AJAX, JavaServer Faces ties to get stronger

AJAX, JavaServer Faces ties to get stronger

Panelists tout technology combination

With AJAX (Asynchronous JavaScript and XML) and JSF (JavaServer Faces) component technology representing a one-two punch for Web development, plans are moving forward to strengthen support for AJAX in the JSF specification.

Panelists at the JavaOne conference in San Francisco on Thursday discussed the linkage between these two sets of technologies. AJAX and its attendant JavaScript code work on the client, and JSF resides on the server. Although developer issues remain, such as which AJAX framework to use in Web development, AJAX itself will be better accommodated in version 2.0 of JSF, due in 2008.

JSF 2.0 will feature a small JavaScript library. "It'll allow you, at the very least, from your JSF component or from any old piece of JavaScript in the page, to call back into the JSF lifecycle from JavaScript and have it all run and get back to you. It'll enable partial update of the page," said panelist Ed Burns, a senior staff engineer at Sun Microsystems and specification lead for JSF.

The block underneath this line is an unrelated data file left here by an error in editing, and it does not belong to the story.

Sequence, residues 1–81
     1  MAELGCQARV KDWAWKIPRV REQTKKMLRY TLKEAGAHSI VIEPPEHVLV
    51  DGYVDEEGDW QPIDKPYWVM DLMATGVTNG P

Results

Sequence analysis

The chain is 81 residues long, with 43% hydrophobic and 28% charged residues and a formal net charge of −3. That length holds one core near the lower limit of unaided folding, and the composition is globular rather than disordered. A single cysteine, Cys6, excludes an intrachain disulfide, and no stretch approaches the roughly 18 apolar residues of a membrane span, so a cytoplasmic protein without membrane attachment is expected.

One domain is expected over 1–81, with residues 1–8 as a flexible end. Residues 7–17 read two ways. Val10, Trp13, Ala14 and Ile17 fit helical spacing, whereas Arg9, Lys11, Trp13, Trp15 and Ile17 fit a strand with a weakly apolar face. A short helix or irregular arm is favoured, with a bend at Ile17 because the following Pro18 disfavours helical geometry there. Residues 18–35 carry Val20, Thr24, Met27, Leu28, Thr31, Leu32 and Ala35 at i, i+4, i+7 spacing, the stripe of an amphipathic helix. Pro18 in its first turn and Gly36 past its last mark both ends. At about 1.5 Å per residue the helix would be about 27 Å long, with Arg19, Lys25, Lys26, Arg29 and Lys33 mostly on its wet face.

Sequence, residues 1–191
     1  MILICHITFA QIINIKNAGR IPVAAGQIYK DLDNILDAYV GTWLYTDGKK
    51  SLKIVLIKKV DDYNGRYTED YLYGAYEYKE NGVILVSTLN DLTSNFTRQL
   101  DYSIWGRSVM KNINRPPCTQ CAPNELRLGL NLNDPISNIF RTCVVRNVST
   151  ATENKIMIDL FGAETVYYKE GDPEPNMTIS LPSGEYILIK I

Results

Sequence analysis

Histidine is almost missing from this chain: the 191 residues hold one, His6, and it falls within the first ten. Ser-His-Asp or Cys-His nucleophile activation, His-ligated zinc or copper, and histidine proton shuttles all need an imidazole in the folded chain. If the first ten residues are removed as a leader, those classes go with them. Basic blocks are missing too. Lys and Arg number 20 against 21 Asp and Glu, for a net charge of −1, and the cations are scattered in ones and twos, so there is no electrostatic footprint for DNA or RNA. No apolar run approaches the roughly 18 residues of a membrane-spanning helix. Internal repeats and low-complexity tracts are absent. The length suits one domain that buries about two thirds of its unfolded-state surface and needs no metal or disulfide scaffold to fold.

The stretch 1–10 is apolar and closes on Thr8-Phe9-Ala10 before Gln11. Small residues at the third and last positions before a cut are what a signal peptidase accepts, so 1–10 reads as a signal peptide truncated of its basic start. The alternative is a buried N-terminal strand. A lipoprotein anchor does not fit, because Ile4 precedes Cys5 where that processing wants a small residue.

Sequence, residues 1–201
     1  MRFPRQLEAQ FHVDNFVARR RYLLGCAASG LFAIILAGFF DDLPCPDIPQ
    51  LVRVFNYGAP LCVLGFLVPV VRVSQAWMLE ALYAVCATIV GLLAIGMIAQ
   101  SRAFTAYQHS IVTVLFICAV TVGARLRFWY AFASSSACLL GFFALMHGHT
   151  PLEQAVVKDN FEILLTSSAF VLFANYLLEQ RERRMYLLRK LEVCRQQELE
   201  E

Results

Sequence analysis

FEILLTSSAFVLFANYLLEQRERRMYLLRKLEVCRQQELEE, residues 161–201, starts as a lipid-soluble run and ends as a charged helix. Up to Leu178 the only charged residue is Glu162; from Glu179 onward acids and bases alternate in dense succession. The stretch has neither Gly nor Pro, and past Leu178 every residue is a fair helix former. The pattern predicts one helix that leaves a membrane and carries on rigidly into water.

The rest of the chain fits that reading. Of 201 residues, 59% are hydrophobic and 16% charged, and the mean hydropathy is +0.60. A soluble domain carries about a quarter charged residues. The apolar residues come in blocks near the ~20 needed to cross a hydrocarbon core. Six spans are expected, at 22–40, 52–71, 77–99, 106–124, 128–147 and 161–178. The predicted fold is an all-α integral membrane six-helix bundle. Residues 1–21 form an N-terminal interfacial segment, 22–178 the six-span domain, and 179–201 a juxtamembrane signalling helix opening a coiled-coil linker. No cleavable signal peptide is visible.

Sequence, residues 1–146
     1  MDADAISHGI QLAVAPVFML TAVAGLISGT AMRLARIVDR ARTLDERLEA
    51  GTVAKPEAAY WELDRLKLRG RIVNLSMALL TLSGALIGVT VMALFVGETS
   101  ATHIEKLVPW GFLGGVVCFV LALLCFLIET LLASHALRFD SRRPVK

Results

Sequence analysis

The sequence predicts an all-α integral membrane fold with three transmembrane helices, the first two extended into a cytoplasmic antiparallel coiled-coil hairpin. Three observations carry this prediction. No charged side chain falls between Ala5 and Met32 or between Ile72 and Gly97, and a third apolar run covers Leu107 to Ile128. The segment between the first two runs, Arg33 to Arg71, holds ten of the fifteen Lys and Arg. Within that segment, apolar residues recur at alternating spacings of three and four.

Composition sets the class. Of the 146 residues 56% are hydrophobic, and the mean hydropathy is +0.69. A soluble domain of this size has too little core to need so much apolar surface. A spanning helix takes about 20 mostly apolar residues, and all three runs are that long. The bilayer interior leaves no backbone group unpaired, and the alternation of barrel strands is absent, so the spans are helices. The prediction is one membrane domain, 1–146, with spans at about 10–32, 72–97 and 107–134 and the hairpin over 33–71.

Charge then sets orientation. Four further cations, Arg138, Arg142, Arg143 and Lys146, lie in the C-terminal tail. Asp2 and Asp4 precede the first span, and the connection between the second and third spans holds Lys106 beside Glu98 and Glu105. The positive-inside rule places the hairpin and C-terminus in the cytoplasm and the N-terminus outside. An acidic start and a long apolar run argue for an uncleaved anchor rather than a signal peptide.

Also to be featured in JSF 2.0 is Comet, which offers a programming technique in which an open socket is leveraged to speed up browser requests to the server.

The current version 1.2 of JSF has a small degree of JSF support, with the ability to declare a separate lifecycle for handling AJAX requests, Burns said. Also, a component can be invoked to individually address a row while doing an AJAX transaction.

Sun previously has discussed JSF 2.0 as Project Dynamic Faces, noting it would bolster AJAX support.

Burns noted the difference between AJAX and Sun's newly announced JavaFX technology, which features a scripting language called JavaFX Script. JavaFX does not run inside a browser, he said. "It is a rich application that runs on its own," he said.

In addition, Sun has revealed an internal effort called Project Flair, which leverages a Web kernel and JavaScript and has been positioned as an alternative to AJAX programming.

One panelist, representing AJAX framework builder Backbase, urged that capabilities such as interoperability and push technology be bolstered in AJAX development products, given competition from new technologies such as Adobe Flex and Microsoft Silverlight.

"I think we have to get our act together to bring all this functionality that we discussed today," said Mark Scheifelbein, vice president at Backbase. "We have to get these into the solutions really quick."

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